I grew up with a very emphatic art bent. My medium was primarily pen / pencil illustration. By my high school years I was making a good deal of spare change doing Ed "Big Daddy" Roth-like illustrations - for friends and friends of friends - for use as school book covers, posters and the like. Some of my more "respectable" work was created for my high school literary magazine and the creation of workplace safety posters for a railway workers union.
It is very interesting to note that all of this art activity was conducted literally within sight of (if I walked to the top of the streeet on which I resided) the Big Yellow Box, aka: Kodak Corporate Headquarters. Strangely enough, at least to me, the idea of giving photography a whirl never once entered my mind nor was it suggested as an art pursuit. I never even visited the George Eastman House Museum which was within walking distance (albeit a mile or so) from my house.
In any event, after dropping out of school (for Architect studies) I was immediately drafted into the US Army - it was the height of the built up to the war in Vietnam. Long story short, after basic training I was, by pure dumb luck, sent to supply clerk training at the completion of which I was, again by pure dumb luck, assigned to be stationed in the Okinawa Prefecture in Japan. All of which meant no infantry, no Vietnam and my chances for coming out of military service alive were vastly improved.
Upon my arrival in Okinawa Prefecture, I was immediately stripped of my supply clerk status and became, because of my Architect studies, an Army draftsman. Consequently, I was assigned to a Headquarter company where I worked at my drafting table in an air-conditioned office.
Being in a Headquarter company also meant that I was effectively exempted from marching up and down the square and a lot of other military stuff. All of which meant that my Army life was pretty much like, with the exception of a morning formation, having a civilian 8-to-5 job. No work on weekends and lots of free time to spend off base inasmuch as we headquarter types had our off base passes permanently parked in our back pockets.
And that's where it all began. Lots of free time and in a very foreign country (Eastern culture wise), what's person to do? Well, in Japan, you buy a camera and start making pictures. Fyi, in the local market cameras were cheap. In an Army PX they were even cheaper. And as a bonus, I discovered that, in the rec center, there was a photo lab where I could process and print my film. So, starting with my very first roll of film, I was not only shooting film but processing and printing it as well.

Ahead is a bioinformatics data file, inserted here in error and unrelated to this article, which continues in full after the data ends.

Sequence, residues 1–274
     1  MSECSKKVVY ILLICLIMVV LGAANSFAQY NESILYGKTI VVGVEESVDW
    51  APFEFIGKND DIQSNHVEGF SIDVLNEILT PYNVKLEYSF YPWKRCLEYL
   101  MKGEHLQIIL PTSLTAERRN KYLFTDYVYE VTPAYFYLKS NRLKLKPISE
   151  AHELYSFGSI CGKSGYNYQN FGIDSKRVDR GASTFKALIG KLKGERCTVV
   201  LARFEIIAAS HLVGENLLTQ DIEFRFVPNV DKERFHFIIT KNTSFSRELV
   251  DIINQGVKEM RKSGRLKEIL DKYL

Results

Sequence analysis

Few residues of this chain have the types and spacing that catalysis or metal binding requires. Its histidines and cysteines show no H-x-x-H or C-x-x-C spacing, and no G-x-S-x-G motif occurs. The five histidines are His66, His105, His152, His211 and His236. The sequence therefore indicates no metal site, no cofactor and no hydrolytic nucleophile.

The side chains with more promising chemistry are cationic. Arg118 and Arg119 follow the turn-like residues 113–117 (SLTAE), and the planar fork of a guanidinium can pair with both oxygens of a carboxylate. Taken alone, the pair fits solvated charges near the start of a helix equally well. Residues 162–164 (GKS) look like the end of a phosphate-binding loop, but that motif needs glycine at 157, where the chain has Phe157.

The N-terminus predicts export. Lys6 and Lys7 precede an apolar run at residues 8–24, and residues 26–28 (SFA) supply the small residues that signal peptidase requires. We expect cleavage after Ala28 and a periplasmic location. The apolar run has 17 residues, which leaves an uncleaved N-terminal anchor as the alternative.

ASIDE At about this time I returned home, got married, returned with my then wife to Okinawa Prefecture where we took up residence in an off-base Japanese-style apartment (like the ones pictured above). Needless to write, we immersed oursleves in the local culture. End of ASIDE
Fast forward a few months - and keep in mind that I had been making pictures for just a few months - I came across an announcement for a US Army world-wide photo contest. Long story short again, I entered pictures in 3 categories and, at the local level, won all 3. Moving on to the all-Japan level, I again won in all 3 categories. At the next level, all-Pacific, I won in 1 category and runner up in the other 2.
All of that describes my introduction to photography and my rather immediate success. However, the next big step in my path to a career in photography came when the headquarter command Information Office photographer was transferred out without a replacement. Being young and brash and well aware of the adage that you never get what you don't ask for, I raised my hand and said, "I'll do it." Based upon my then very recent photo contest success, they said, "OK." So, I was stripped of my draftsman status and given the status of an official US Army photographer - training? I don't need no stinkin' training.
And there you have it. Within 6-8 months of picking up a camera, I had my first "job" as a photographer. Within weeks of that my pictures and picture stories - all made with the venerable Graphflex Speed Graphic with a Kodak lens (ironically, were both were made in my hometown of Rochester) were appearing in the regional Army newspaper. A few of those photo stories were picked up by Army Times (the world-wide Army newspaper). All of that without a single hour of training or education in photography. Fyi, I eventually convinved them to get me a Nikon.
After that, the rest, as they say, is history.
benjo - the Japanese word for "toilet". A very apt word that the Japanese used to describe what the pictured tidal river became when the tide went out. At the time when I was in Okinawa Prefecture there was no sewer system as we know it. All waste drained into waterway such as the one pictured. When the tide went out, it was very odor-rific.